This article is written by David Gurr, of St Francis Church, on behalf of Chandler’s Ford Churches Together (CFCT). You can find Church Services in Chandler’s Ford for Christmas 2018 on the CFCT page.
As Christmas approaches there is often a debate in our communities about the place of religion and faith amidst all the presents and feasting. Central stage for Christians is the birth of Jesus into a family with Mary and Joseph. Also central stage is the conversation piece of “are the family coming for Christmas?” or “are you going to the family?”
Families are an important part of many cultures and religions, not just Christianity. However, it is important to remember that Joseph took on the role of father to Jesus and was not his birth father. This is indeed true of many families in Britain, where children do not live with both their biological parents. We sometimes talk of “real parents” as if they are superior but in many practical ways Joseph was the real parent for Jesus as he grew up.
Are the family coming for Christmas?
In the modern world not all families live near each other and not all families are happy ones. Our son and family are coming for Christmas, which we are very excited about. It is their first visit for 10 years and the first time we will have both halves of our family together for Christmas since our son emigrated in 2004.
It was often difficult when people asked if the family were coming for Christmas. Perhaps a sense of proportion as their decision to live in Australia was planned and wanted. Joseph and Mary’s decision to flee to Egypt when Jesus was a toddler was as refugees in fear of their lives.
A tv programme last year included the comment “families can be like that” which begged the question like what? Another comment often used is blood is thicker than water. However, a relative of mine had not seen his son for many years since a teenage falling out and did not know he had a grandchild until the child was 12.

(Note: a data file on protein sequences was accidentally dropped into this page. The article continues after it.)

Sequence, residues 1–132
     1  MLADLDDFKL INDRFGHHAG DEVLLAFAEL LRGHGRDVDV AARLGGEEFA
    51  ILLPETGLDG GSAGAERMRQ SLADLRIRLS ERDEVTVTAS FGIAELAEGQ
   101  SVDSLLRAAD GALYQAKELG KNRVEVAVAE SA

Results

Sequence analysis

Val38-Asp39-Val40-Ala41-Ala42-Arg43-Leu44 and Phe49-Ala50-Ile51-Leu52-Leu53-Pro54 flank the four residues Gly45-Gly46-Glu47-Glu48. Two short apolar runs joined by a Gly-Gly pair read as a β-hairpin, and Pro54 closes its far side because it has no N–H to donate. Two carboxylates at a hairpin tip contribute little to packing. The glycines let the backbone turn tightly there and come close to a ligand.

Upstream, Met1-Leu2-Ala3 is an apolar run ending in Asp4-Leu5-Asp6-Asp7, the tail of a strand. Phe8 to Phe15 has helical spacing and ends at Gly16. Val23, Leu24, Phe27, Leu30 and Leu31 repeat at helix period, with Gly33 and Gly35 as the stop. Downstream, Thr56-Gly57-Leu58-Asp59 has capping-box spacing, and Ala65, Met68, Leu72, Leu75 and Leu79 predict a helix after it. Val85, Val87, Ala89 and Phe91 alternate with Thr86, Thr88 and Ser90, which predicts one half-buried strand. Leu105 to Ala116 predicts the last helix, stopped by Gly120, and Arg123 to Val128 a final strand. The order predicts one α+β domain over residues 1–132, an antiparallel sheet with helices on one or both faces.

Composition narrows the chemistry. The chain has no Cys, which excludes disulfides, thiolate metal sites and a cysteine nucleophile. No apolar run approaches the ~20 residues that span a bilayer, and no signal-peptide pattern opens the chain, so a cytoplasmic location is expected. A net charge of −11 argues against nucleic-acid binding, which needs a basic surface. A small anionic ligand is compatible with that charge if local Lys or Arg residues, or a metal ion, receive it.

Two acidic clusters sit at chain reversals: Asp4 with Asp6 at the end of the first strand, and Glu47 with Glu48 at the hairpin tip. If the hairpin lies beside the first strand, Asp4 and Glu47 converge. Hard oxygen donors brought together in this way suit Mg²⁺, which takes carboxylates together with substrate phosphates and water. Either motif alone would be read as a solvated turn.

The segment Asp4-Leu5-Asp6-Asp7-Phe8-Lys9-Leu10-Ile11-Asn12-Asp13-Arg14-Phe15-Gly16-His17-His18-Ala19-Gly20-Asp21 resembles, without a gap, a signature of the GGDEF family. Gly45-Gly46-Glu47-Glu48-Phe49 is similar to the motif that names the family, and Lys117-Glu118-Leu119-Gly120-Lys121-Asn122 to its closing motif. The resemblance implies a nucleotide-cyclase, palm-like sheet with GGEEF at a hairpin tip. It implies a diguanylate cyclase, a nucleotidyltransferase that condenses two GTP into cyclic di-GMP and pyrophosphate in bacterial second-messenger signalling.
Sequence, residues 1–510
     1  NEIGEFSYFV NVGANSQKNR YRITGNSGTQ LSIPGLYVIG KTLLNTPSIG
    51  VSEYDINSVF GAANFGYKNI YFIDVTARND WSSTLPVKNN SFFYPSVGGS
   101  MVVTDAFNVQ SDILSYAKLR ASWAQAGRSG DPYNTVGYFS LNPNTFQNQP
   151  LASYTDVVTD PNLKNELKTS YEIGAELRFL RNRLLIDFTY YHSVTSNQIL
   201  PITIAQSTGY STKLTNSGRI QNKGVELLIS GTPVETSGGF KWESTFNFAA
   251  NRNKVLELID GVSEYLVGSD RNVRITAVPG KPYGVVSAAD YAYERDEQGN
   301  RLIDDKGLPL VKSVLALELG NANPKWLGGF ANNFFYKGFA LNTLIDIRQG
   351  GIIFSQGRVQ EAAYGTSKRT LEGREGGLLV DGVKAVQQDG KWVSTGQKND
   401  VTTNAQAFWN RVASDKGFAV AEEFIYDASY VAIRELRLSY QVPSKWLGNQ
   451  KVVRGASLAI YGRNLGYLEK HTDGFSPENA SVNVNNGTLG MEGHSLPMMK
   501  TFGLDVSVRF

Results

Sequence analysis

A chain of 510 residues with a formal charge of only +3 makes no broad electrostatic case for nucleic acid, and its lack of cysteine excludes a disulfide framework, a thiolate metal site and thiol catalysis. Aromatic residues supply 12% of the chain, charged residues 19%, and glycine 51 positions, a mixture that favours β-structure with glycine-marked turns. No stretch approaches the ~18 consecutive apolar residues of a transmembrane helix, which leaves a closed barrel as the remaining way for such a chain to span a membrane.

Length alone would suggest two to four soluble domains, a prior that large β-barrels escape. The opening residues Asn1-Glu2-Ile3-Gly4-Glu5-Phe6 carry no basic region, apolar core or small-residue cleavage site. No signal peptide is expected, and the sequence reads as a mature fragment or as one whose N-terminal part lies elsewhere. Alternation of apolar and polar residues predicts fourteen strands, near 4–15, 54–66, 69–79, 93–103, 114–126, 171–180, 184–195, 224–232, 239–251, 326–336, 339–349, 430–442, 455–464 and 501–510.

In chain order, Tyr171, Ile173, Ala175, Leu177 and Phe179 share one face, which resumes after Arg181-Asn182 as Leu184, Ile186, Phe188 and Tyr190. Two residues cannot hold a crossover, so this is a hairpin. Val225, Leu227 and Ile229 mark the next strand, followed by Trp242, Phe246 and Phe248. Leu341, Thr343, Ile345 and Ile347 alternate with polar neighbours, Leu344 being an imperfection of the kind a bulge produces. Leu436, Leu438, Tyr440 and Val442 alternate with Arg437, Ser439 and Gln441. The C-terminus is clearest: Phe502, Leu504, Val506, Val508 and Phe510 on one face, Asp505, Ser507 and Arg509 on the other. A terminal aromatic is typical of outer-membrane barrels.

A former colleague of mine altered their home for their mother to come and live with them, as she became older and more frail. The brother responded by going to a solicitor to ensure he didn’t miss out on any inheritance. In the area where we live, several children are not living with their birth parents and family breakdown is as much a feature of modern society as mobile phones?
What makes a family?
One could have a long discussion as to what makes a family. A friend of mine was recently invited to a wedding with an apology that due to numbers, only “my family and the spouse’s family” were being invited. The story seemed odd to me as the wedding would celebrate making a new family but at the same time divide existing families.
As Christmas approaches we will celebrate the birth of Jesus, who began the family of Mary and Joseph and reminds us that families are not static over time.
The Christian faith has Love as a key message
The Christian faith has Love as a key message – for the Lord God and for one another. The principles of respect and care for one another are common to all the major world religions. Sometimes families work well and can be good for all. However, that is not always the case and it can be particularly sensitive when routine conversation asks “are the family coming for Christmas”.
People may be feeling isolated or the question may rub salt into wounds of family fall outs. Perhaps we should be cautious about making assumptions and maybe look out for those who will not have family around?